“The Beach House’’ will kick off this fall’s Brooklyn Horror Film Festival with a tale of terror shot along the Cape.
Director Jeffrey A. Brown, together with Boston-based producer Andrew Corkin, traveled to North Truro to make the sci-fi horror film about troubled college sweethearts whose beach getaway is disrupted by two strangers exhibiting signs of an unearthly affliction. Both Brown and Corkin are set to attend the fest, which runs Oct. 17-24.
Brown came up with the story a little over 10 years ago, after visiting Wellfleet for the first time. He rolled cameras this past spring, aiming to craft a “coastal beach-house horror’’ that felt spookily true to its setting.
“My father and his partner have a place in North Truro and so, when I originally read the script, I could see the locations in Truro so clearly in my head,’’ Corkin told the Globe.
“The community was incredibly welcoming and I personally am enamored by Cape Cod in the off-season. I feel that the film captures what I love about this part of the Cape – even if it doesn’t work out too well for those involved.’’
David Marmor – who studied computer science at Harvard before emerging as a writer-director – will be also at the fest with “1BR,’’ his psychological thriller about a LA transplant renting a sinister apartment.
Vermont-based movie-market veteran Travis Stevens is bringing his directorial debut “Girl on the Third Floor,’’ which made a splash at the Boston Underground Film Festival earlier this year. And French filmmaker Christian Volckman has “The Room,’’ which stars Bond girl Olga Kurylenko and “Revenge’’ actor Kevin Janssens as a New York couple who relocate to a creaky New Hampshire home capable of granting wishes.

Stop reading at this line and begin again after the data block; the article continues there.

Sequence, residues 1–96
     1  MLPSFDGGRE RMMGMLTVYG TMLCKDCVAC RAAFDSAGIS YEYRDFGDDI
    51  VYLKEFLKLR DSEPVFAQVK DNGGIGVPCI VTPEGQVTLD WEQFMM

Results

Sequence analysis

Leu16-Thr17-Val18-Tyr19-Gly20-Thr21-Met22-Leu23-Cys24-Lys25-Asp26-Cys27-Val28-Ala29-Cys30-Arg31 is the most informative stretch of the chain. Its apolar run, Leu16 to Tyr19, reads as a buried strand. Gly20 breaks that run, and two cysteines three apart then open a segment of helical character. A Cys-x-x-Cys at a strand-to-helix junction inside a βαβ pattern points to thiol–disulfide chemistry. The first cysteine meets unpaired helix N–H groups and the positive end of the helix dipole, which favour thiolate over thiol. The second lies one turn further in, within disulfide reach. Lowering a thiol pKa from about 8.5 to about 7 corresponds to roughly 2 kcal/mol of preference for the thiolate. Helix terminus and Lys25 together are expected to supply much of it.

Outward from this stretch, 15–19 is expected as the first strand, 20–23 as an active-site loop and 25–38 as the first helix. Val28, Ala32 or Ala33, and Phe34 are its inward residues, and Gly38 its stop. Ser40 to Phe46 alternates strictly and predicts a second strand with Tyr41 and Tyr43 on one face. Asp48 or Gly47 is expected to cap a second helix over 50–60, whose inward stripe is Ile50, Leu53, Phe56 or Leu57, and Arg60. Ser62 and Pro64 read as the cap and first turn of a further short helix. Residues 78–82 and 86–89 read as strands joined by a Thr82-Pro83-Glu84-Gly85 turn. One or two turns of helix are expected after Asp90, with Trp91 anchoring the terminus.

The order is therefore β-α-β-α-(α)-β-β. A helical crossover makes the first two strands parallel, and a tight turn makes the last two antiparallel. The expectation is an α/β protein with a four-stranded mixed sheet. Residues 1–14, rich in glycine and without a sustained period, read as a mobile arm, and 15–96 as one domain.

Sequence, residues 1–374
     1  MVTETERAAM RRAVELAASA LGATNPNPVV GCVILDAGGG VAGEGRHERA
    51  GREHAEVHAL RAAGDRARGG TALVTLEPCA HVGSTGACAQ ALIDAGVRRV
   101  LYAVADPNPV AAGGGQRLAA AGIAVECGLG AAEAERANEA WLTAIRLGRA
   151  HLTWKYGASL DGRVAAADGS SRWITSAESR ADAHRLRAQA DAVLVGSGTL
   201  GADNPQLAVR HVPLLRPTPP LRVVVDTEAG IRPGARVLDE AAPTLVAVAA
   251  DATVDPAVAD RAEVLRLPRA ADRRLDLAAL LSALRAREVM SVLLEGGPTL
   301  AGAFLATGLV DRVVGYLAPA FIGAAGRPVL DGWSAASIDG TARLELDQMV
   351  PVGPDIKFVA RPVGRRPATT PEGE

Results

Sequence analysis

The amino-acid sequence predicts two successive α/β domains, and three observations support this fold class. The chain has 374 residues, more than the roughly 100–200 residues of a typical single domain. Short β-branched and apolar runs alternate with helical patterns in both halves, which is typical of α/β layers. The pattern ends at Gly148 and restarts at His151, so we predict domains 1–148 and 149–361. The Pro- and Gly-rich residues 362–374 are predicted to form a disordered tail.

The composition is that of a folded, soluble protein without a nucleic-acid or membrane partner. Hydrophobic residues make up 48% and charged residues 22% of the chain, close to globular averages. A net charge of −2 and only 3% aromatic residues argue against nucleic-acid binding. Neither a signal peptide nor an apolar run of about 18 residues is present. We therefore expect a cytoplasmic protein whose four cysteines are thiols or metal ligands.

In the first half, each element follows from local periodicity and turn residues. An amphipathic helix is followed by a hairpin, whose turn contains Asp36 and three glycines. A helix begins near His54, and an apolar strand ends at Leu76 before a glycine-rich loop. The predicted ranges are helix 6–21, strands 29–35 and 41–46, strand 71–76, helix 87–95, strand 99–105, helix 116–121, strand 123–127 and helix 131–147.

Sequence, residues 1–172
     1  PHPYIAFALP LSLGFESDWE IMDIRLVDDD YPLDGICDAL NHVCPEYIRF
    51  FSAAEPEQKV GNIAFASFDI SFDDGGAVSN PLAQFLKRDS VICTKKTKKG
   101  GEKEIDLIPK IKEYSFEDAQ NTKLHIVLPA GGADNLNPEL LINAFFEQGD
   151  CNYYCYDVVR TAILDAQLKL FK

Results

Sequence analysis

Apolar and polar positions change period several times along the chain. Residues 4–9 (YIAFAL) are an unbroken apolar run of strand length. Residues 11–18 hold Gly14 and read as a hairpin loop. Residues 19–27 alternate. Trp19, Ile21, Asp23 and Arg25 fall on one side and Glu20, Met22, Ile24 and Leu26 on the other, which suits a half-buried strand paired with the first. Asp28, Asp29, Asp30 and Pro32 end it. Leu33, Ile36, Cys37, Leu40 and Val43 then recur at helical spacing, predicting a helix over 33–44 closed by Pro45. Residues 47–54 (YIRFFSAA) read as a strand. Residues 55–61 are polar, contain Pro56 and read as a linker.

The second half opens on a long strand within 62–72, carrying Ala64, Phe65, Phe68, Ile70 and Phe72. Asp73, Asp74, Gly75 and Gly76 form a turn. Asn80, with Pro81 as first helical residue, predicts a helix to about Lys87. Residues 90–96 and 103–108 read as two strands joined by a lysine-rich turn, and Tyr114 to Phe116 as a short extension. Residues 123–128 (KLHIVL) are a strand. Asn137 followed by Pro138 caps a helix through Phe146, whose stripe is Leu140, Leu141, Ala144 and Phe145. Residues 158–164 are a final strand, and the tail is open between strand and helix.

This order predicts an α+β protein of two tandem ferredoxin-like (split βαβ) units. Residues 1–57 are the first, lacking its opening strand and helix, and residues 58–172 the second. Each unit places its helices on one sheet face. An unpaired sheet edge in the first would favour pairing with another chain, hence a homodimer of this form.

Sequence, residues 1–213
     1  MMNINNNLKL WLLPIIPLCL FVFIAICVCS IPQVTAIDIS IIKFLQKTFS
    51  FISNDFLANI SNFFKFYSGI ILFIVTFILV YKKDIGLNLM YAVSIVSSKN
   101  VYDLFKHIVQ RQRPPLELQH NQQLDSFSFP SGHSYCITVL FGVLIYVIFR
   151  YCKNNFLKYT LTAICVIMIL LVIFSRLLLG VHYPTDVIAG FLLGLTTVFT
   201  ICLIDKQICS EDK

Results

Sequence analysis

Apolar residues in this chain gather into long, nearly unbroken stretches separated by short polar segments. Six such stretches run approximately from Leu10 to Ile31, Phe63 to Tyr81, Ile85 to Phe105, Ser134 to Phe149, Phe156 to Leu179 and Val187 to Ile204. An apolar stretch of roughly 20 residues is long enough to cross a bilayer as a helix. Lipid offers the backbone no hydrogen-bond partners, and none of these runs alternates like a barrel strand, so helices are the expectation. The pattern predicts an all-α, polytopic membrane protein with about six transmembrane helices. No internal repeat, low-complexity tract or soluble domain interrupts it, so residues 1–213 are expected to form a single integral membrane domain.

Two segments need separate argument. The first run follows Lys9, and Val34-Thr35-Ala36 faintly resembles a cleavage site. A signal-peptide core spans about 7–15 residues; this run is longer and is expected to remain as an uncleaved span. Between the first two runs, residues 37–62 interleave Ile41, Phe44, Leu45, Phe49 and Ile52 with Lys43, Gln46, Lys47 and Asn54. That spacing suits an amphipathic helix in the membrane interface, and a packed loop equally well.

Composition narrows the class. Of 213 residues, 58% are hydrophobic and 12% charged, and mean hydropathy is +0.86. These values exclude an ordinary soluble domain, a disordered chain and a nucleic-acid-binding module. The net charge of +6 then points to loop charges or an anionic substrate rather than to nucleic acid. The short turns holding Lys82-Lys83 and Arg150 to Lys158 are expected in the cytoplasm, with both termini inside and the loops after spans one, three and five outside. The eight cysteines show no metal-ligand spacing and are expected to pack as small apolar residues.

Other major attractions include Adam Egypt Mortimer’s horror-thriller “Daniel Isn’t Real” and a trio of Brazilian horror films slated as part of a film “sidebar.’ Mortimer, who once resided in Cambridge, already has distribution lined up for his film, which premiered to strong reviews at the South by Southwest Film Festival in Austin, Texas; it’s out in select theaters Dec. 7.
Notably, trailblazing female filmmaker Karen Arthur will be at the fest, in conversation with writer Remy Bennett; Arthur – who now lives in Springfield, Vermont – is best known for cult classics “Legacy” (1975) and “The Mafu Cage” (1978).
The rest of BHFF’s lineup will be revealed in mid-September.